Twice a year, the OECD Economic Outlook analyses the major trends that will mark the next two years. The present issue covers the outlook to the end of 2004 and examines the economic policies required to foster high and sustainable growth in member countries. Developments in selected major non-OECD economies are also evaluated.
In addition to the themes featured regularly, this issue contains five analytical chapters addressing the following questions: the telecommunications sector, sources of divergence in growth trends among the major economies, recent patterns and developments in foreign direct investment, and whether further trade and regulatory policy reforms would affect foreign direct investment flows and economic integration among OECD countries.
- 13 June 2003
The UK economy has so far shown greater resilience in weathering the downturn than any other major European economy. An expansionary fiscal stance and a reduced drag from net exports should ensure a slight pick-up in growth this year, despite a slowdown in consumption. As business investment and exports revive, the output gap should begin to close in 2004 with inflation falling back to the official target.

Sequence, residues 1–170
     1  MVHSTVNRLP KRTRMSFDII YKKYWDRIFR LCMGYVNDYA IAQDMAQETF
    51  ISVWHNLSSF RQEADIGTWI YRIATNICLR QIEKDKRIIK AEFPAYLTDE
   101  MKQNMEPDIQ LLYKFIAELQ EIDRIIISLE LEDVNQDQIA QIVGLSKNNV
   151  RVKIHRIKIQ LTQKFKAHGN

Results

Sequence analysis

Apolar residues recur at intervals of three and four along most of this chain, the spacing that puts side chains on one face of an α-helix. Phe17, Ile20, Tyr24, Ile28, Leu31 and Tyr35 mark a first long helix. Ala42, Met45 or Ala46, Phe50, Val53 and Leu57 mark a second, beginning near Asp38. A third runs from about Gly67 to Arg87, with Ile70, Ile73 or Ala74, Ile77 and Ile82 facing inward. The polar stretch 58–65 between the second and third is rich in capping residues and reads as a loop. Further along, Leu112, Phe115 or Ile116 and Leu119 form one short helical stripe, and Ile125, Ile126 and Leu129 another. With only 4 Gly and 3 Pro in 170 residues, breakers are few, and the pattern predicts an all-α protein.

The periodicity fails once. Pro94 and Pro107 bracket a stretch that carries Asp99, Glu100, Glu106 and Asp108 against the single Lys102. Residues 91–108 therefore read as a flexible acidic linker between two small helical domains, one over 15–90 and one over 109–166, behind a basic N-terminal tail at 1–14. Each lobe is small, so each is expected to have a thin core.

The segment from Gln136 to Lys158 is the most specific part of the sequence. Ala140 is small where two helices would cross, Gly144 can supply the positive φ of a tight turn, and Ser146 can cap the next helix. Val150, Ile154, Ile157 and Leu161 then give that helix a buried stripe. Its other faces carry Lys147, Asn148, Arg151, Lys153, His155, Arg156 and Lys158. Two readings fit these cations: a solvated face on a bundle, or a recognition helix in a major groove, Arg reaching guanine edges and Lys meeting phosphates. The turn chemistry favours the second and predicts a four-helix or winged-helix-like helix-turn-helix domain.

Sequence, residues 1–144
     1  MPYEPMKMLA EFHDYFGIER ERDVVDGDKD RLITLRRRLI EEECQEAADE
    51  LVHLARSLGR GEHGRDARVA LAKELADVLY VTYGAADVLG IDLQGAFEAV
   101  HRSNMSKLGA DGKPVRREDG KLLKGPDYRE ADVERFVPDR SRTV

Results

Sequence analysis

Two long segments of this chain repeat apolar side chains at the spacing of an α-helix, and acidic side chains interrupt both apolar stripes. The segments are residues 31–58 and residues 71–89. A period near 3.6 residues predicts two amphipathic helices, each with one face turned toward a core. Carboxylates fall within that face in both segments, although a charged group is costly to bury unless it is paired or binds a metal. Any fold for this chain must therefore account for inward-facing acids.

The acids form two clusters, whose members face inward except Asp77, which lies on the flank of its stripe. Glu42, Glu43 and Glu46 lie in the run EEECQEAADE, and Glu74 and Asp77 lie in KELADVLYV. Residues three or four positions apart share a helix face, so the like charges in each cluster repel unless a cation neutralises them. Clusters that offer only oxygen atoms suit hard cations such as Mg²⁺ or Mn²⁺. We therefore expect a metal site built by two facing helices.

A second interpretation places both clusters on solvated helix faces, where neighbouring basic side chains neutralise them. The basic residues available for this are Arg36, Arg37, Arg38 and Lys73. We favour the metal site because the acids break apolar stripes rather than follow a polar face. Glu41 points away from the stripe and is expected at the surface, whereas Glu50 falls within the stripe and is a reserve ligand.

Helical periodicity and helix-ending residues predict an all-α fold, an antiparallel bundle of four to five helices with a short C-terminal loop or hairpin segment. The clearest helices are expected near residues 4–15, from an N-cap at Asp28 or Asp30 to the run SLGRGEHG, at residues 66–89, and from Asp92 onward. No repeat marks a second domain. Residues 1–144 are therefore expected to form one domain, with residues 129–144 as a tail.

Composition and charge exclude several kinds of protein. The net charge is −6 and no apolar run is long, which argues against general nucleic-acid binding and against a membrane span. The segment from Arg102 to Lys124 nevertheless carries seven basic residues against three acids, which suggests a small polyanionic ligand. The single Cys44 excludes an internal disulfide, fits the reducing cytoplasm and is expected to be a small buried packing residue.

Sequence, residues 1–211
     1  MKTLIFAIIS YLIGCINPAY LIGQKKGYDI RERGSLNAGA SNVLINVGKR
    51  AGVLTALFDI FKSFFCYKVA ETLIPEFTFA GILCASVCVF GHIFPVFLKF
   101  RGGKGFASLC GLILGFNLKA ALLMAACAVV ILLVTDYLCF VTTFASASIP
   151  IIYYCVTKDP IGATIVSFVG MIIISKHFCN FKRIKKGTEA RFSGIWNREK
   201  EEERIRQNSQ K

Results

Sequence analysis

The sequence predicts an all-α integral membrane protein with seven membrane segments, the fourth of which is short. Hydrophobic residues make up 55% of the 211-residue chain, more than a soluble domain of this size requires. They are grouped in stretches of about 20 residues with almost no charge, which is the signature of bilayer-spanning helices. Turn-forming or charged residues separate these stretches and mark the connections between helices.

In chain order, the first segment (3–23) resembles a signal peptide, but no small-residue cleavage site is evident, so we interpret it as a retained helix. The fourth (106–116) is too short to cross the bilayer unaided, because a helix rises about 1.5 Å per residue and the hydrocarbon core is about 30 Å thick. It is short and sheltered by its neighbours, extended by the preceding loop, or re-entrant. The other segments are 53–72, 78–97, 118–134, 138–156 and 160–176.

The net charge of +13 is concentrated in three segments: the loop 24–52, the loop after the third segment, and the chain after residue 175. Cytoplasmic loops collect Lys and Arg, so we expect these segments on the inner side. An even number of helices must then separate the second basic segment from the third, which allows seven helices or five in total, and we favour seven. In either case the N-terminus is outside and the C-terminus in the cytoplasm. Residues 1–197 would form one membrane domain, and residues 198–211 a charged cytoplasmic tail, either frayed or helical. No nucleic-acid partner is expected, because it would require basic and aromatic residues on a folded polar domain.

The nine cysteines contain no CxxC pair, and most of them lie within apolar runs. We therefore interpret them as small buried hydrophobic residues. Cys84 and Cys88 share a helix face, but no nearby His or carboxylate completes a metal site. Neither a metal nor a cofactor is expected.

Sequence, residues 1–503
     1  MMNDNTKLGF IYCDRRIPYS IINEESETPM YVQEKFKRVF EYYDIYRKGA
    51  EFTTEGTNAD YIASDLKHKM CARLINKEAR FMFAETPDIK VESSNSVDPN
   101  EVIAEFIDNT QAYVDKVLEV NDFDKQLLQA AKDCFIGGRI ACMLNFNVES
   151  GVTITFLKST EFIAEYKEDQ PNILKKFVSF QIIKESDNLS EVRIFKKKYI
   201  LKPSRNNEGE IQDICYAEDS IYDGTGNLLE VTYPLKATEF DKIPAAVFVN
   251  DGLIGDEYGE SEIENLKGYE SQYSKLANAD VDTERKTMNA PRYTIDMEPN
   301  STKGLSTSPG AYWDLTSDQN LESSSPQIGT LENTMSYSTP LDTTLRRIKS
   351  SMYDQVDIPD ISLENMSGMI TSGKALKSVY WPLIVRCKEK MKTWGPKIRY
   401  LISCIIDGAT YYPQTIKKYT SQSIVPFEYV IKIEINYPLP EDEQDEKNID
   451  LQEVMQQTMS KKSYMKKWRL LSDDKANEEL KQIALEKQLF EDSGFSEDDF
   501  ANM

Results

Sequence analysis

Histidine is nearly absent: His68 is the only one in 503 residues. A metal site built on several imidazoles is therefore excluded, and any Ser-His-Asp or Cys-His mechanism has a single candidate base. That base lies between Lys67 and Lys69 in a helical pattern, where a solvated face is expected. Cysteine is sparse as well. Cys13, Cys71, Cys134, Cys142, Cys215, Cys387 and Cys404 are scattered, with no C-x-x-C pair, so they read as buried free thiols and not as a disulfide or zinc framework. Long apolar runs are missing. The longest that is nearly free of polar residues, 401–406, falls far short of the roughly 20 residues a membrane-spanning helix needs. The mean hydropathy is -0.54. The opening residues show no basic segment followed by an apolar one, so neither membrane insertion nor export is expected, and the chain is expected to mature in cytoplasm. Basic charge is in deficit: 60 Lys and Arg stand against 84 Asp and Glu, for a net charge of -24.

The recent and prospective deterioration in the government financial balance is not an immediate cause for concern given the relatively low level of debt. The 'golden rule' is likely to be met over the current cycle, but with a worse starting position there will be a greater challenge in meeting it over the next cycle. The recent easing of monetary policy, while justified by signs of weakening domestic and international demand, may fuel the housing market and does nothing to reduce the risk of a sudden fall in house price inflation or even possibly an abrupt fall in the level of house prices.